Credo Quia Absurdum
First and Last Loves. By John Betjeman. (John Murray. 20s.) WE live, says Mr. Betjeman, in the age not of the Common Man but of the Average Man : " There is a refinement about him which pervades everything he touches and sees. His books are chosen for him by the librarians . . . the walls of his room are in quiet pastel shades, he has cereals for breakfast, and he likes everything in moderation, be it beer, religion or tobacco." It so happened that I read the first chapters of this book travelling down from London to Canterbury on what used to be the old South Eastern and Chatham Railway ; and, as the train sped through those eerie and disquieting suburbs which, as Mr. Betjeman says, " once seemed to me so lovely with their freckled tennis-girls and their youths in club blazers," I too sighed for the yapping Sealyhams (" mind the terrier when you call "), the calceolarias and the clean-limbed, Rossall-or-Repton heroes of my youth. For Ghastly Good Taste has triumphed all along the line (and not only the S.E. & C.R.) ; the tennis-girls are " taking up " ballet-dancing, Van Gogh reproduc- tions have replaced those jolly little sketches of Clovelly which the Mater dashed off on her honeymoon, the spiky and incense-haunted glories of St. Aidan's have made way for the tumescent Romanesque of the Church of Christ Scientist. An age has passed—but its passing has at least been justly celebrated by one of the most original and gifted poets of our time ; and in this book, as in his poems, Mr. Betjeman has captured once•again the very spirit and essence of that vanishing world.
Many of these essays are, as one would expect, about architecture. Mr. Betjeman dwells lovingly, as he has done before, upon the Zion chapels, the Victorian civic halls and the " undertaker's Gothic " which were his first loves. Architecur remains his chief source of inspiration ; yet he is no less happy in the evocation of landscape and atmosphere—" the smells of wood-smoke and fungus in the lanes " in November, the brooding melancholy of Bodmin Moor (" that sweet brown home of Celtic saints "), or the tar-smelling, coniferous glooms of darkest Surrey. The secret of his so-extra- ordinary genius lies, I think, in his ability to look at architecture with the eyes not only of an aesthete but of a lyrical poet ; his vision of the building itself, so acutely and rewardingly perceptive, is mingled always with a wider apprehension of its place in the landscape and in the lives of the people for whom it was built. It has been said of Mr. Betjeman that his tongue, at one period, became so firmly wedged in his cheek that he has never been able to get it out again. It may well be true ; not everyone, certainly, will share his whole-hearted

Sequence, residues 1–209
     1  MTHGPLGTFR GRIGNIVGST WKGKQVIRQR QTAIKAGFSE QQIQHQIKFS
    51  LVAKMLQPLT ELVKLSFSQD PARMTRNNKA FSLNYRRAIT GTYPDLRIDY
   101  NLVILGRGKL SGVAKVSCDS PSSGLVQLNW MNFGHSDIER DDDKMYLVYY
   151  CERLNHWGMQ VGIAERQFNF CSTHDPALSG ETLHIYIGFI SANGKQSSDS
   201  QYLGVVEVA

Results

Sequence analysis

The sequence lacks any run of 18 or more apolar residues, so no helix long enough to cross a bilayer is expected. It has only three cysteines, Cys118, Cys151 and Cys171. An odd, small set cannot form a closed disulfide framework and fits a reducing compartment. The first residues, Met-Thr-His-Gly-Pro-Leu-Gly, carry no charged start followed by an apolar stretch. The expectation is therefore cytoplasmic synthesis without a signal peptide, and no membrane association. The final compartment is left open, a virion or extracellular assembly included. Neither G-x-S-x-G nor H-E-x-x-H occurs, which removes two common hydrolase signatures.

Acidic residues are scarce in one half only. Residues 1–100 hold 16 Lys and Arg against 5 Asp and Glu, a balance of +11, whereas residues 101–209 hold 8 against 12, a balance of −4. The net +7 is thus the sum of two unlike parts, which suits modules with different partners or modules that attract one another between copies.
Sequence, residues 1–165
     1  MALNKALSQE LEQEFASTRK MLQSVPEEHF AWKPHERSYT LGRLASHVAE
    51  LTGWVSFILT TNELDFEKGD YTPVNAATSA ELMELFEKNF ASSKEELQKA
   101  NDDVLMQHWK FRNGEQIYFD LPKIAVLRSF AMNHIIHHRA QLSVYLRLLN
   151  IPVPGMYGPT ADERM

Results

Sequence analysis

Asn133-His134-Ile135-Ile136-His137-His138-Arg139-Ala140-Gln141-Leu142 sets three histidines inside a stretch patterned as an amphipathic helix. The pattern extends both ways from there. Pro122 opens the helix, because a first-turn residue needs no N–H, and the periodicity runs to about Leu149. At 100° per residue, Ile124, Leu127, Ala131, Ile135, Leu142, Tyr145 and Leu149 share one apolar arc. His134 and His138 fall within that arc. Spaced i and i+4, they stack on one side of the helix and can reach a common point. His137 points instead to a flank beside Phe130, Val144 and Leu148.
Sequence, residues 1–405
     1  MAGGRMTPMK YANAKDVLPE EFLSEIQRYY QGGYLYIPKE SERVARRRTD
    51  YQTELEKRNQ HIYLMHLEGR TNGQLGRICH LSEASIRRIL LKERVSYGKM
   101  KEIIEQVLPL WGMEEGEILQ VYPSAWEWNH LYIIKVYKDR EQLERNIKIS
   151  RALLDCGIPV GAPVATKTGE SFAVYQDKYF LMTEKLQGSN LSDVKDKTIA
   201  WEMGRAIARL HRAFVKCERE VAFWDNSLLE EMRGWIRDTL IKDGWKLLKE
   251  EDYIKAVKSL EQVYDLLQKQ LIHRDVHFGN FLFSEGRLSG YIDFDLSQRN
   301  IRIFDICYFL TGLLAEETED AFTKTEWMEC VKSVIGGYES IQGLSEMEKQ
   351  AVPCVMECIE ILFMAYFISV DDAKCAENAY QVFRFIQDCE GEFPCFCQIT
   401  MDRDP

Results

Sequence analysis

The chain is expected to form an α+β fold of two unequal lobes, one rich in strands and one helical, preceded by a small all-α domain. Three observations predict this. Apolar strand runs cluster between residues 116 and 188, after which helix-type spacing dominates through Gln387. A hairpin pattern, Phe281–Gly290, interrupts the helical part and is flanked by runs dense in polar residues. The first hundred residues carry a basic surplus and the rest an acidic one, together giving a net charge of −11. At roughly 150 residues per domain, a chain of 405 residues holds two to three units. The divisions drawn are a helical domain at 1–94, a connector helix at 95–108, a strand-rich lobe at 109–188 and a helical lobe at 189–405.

admiration for the Manchester Town Hall or for Norman Shaw's New Zealand Chambers in Leadenhall Street. But does it matter ? For Mr. Betjeman Victorian architecture has become an article of faith. " It was through looking at churches," he says, " that I came to believe in the reason why churches were built." It can fairly be said, in fact, that he went to mock and stayed to pray : credo quia absurdum—and perhaps (though the orthodox may disagree) there are worse approaches than this to the Christian religion.
First and Last Loves consists chiefly of occasional pieces—articles, broadcasts and so on, but it is none the worse for that. /It is beauti- fully produced, and generously illustrated both with photographs and with decorations by Mr. John Piper. Personally, I have enjoyed nothing so much for a very long time ; if there 'Were any justice in the world, it would be a best-seller. There is, of course, no such thing ; it would be silly to expect it in a world of Weetabix, television, State-subsidised dentures and Mrs. Dale's Diary. Yet I implore everybody to buy this book. It costs, incidentally, a pound, not a guinea—a nice distinction, surely in the Century of the Average (as opposed to the Common) Man. JOCELYN BROOKE.